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J Neurosci. 2007 May 16;27(20):5338-48.

Dysregulated metabotropic glutamate receptor-dependent translation of AMPA receptor and postsynaptic density-95 mRNAs at synapses in a mouse model of fragile X syndrome.

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Department of Cell Biology, Emory University, Atlanta, Georgia 30322, USA.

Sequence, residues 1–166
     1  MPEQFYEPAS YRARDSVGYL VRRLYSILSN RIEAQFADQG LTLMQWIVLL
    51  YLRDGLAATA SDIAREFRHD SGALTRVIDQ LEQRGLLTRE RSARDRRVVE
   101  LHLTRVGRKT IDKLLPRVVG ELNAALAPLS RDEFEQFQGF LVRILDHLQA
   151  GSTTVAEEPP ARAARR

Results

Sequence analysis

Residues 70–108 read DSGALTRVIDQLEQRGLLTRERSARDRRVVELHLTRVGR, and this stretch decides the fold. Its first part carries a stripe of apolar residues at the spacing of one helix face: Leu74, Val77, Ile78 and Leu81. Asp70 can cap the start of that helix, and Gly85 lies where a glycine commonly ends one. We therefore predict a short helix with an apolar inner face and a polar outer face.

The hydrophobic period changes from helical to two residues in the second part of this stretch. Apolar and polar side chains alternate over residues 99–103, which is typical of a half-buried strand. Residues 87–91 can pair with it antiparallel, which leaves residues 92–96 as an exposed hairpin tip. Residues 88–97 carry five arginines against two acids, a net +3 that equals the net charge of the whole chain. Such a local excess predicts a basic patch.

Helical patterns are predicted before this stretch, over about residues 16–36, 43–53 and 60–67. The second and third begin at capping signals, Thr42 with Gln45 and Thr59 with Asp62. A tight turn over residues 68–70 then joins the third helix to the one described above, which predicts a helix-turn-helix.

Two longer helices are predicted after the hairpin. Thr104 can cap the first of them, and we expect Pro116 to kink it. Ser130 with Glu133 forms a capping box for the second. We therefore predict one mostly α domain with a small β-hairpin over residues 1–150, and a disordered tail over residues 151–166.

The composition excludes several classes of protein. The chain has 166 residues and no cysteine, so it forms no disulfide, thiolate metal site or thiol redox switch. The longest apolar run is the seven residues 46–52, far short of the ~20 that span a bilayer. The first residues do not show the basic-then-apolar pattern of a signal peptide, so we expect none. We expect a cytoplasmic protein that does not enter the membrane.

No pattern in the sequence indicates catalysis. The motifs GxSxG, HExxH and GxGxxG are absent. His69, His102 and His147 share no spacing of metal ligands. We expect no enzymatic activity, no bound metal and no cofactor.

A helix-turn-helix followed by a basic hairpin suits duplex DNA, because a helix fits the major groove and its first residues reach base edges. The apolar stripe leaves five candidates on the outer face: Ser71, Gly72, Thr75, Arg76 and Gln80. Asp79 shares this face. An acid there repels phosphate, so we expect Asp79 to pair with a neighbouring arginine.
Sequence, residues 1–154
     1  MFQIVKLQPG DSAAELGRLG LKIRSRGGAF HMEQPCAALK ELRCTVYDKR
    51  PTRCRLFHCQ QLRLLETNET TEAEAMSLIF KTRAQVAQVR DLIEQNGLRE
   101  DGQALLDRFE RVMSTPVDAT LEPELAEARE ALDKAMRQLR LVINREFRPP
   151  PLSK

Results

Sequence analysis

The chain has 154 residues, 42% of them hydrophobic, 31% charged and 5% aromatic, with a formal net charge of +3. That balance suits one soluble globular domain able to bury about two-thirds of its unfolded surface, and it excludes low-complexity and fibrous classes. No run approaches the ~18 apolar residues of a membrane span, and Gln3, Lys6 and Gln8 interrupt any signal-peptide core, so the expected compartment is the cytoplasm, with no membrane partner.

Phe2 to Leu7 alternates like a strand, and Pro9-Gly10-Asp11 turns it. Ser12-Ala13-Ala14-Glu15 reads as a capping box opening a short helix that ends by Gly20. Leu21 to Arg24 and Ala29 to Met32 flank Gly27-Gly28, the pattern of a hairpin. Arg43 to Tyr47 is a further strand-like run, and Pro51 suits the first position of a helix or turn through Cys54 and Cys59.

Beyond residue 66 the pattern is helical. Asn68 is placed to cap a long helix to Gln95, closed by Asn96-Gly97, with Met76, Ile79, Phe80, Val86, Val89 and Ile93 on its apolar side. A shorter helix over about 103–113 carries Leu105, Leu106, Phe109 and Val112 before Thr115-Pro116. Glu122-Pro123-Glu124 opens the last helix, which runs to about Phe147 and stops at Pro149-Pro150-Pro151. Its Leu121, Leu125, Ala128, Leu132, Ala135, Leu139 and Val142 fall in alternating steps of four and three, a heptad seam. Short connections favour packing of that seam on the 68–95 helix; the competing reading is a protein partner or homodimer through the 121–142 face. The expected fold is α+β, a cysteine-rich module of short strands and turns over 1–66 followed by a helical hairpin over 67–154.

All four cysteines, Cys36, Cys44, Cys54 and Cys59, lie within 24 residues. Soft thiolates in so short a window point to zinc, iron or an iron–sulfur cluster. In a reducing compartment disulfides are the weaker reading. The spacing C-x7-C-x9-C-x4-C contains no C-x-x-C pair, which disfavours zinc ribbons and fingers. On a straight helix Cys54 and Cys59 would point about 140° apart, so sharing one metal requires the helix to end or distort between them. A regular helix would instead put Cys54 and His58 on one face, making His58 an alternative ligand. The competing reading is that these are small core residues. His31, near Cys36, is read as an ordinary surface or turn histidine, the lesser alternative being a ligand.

Fragile X syndrome, a common form of inherited mental retardation, is caused by the loss of fragile X mental retardation protein (FMRP), an mRNA binding protein that is hypothesized to regulate local mRNA translation in dendrites downstream of gp1 metabotropic glutamate receptors (mGluRs). However, specific FMRP-associated mRNAs that localize to dendrites in vivo and show altered mGluR-dependent translation at synapses of Fmr1 knock-out mice are unknown so far. Using fluorescence in situ hybridization, we discovered that GluR1/2 and postsynaptic density-95 (PSD-95) mRNAs are localized to dendrites of cortical and hippocampal neurons in vivo. Quantitative analyses of their dendritic mRNA levels in cultured neurons and synaptoneurosomes did not detect differences between wild-type and Fmr1 knock-out (KO) mice. In contrast, PSD-95, GluR1/2, and calcium/calmodulin-dependent kinase IIalpha (CaMKIIalpha) mRNA levels in actively translating polyribosomes were dysregulated in synaptoneurosomes from Fmr1 knock-out mice in response to mGluR activation. [35S]methionine incorporation into newly synthesized proteins similarly revealed impaired stimulus-induced protein synthesis of CaMKIIalpha and PSD-95 in synaptoneurosomes from Fmr1 KO mice. Quantitative analysis of mRNA levels in FMRP-specific immunoprecipitations from synaptoneurosomes demonstrated the association of FMRP with CaMKIIalpha, PSD-95, and GluR1/2 mRNAs. These findings suggest a novel mechanism whereby FMRP regulates the local synthesis AMPA receptor (AMPAR) subunits, PSD-95, and CaMKIIalpha downstream of mGluR-activation. Dysregulation of local translation of AMPAR and associated factors at synapses may impair control of the molecular composition of the postsynaptic density and consequently alter synaptic transmission, causing impairments of neuronal plasticity observed in Fmr1 knock-out mice and fragile X syndrome.

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